Rep. Micah Van Huss (R-Jonesborough) has introduced a bill that would make it a crime to perform or obtain an abortion in Tennessee after a fetal heartbeat is detected, with the only exception being a medical emergency – a bill that was already struck down as unconstitutional by a federal judge in Iowa.
The Bill has the support of both Governor Lee and Glen Casada, who told the Associated Press that he thinks it’s “a fight worth having in front of the Supreme Court.”
Even Tennessee Right to Life, a group that advocates against abortions, opposes the measure because they believe it would not survive legal challenges. It’s similar to one that was introduced in 2017 that the then Tennessee Attorney General also called “constitutionally suspect” which failed in large part due to lack of support from Tennessee Right to Life.
This bill – HB 0077 – would essentially make it a crime to provide OR receive an abortion after 8 weeks (when a fetal heartbeat is detectable), with the only exception exception being a medical emergency.
There’s no mention of rape, incest or mental health exceptions.
Close to 70,000 women a year die from unsafe abortion and numerous others suffer grave injuries, including infection, hemorrhaging, and infertility. Half of all pregnancies in this country are unintended, and, of those, half end in abortion.
This bill would do nothing to reduce unintended pregnancies, which is what abortion reduction laws should focus on. According to the CDC:
In 2006, 49% of pregnancies were unintended—a slight increase from 48% in 2001.
Among women aged 19 years and younger, more than 4 out of 5 pregnancies were unintended.
The proportion of pregnancies that were unintended was highest among teens younger than age 15 years, at 98%.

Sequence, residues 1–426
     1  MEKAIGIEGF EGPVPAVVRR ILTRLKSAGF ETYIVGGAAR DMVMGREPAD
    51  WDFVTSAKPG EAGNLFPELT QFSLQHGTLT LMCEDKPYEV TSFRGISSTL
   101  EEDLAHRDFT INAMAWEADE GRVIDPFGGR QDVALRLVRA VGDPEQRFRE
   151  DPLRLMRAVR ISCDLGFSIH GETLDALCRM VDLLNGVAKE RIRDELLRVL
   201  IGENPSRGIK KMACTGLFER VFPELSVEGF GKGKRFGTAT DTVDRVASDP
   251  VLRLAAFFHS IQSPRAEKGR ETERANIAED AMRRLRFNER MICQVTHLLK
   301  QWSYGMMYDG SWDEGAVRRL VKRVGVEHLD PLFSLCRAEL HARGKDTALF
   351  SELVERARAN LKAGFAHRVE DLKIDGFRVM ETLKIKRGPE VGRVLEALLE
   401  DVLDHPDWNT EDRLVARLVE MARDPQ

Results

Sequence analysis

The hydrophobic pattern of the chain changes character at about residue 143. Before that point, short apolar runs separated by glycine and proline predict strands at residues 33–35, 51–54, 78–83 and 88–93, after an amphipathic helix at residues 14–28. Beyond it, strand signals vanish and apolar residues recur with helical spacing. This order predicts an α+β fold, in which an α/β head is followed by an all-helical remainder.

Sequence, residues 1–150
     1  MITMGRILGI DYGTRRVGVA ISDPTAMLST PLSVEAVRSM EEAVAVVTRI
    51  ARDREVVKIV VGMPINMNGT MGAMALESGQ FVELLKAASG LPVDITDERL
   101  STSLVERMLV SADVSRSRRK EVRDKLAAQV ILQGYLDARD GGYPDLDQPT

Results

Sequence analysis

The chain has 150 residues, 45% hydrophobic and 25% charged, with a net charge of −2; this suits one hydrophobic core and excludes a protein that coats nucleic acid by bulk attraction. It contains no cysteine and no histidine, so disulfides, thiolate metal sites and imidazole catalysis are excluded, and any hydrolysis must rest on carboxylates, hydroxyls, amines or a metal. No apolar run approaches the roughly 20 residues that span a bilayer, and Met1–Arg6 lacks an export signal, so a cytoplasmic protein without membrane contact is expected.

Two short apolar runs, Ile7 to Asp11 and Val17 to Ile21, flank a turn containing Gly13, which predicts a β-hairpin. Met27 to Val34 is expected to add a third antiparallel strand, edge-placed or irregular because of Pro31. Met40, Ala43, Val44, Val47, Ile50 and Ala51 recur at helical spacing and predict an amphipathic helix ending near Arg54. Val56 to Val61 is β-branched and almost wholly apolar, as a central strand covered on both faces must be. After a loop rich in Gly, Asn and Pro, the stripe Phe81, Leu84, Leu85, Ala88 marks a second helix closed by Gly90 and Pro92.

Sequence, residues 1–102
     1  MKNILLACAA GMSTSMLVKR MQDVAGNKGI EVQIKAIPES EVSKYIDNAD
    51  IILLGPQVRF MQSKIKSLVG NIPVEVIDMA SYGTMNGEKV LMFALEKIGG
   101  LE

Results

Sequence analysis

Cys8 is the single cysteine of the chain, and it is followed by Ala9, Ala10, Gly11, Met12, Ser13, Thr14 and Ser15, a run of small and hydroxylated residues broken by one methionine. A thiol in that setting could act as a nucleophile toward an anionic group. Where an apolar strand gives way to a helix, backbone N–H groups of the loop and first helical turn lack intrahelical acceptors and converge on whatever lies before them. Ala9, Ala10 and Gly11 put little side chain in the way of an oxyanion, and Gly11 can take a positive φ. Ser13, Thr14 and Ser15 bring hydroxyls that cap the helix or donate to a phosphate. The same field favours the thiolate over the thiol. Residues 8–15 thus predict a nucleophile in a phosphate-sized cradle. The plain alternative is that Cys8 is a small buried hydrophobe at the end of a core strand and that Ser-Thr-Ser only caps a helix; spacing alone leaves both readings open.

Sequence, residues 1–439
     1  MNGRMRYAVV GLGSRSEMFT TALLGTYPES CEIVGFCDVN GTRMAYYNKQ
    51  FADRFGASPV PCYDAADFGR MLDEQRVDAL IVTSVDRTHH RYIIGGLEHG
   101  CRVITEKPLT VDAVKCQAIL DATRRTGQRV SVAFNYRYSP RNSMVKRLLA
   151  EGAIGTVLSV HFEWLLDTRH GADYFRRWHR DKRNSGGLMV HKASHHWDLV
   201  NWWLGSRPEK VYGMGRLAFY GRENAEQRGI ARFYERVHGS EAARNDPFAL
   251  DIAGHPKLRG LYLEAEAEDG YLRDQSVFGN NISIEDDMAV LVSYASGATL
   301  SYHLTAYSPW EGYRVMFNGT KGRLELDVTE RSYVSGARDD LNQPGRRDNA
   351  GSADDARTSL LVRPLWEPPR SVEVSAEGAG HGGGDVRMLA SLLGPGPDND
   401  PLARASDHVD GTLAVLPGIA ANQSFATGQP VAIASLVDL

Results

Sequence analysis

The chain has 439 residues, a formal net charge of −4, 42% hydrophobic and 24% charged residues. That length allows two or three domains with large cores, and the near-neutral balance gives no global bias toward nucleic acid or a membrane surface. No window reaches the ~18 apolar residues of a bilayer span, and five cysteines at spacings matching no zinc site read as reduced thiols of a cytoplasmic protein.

Large increases in unintended pregnancy rates were found among women with lower education, low income, and cohabiting women.
The National Institutes of Health tells us there are several approaches that have been shown to be effective in reducing unintended pregnancies:
Ensure birth control and family planning is freely available to adolescents and adults
Sex education programs, which provide information on abstinence and contraceptive use and do NOT encourage the onset of sexual intercourse nor increase the frequency of intercourse among adolescents. (In fact, quite the opposite)
Expand Medicaid (as most other states have) so low-income mothers can have access to family planning and prenatal care that helps prevent birth defects.
Medicaid is pro-life. Rejecting $6 billion of our own federal dollars isn’t making mothers or children any safer. We should join the majority of the country and expand medicaid now.
Rep. Jim cooper has a bill that would give us even less excuse for not doing it.
Representative Gloria Johnson (D-Knoxville) responded to the Heartbeat bill by telling The Holler: “We need to trust women. It’s a rights issue. If you don’t allow a woman to make decisions about her own body, you don’t believe in equal rights.” Johnson continued, “We do not need the government in our doctors’ offices. It’s always one of those ‘small government’ guys who comes in with a bill to regulate women’s health care.”
6 in 10 women say abortion should be legal in all or most cases.
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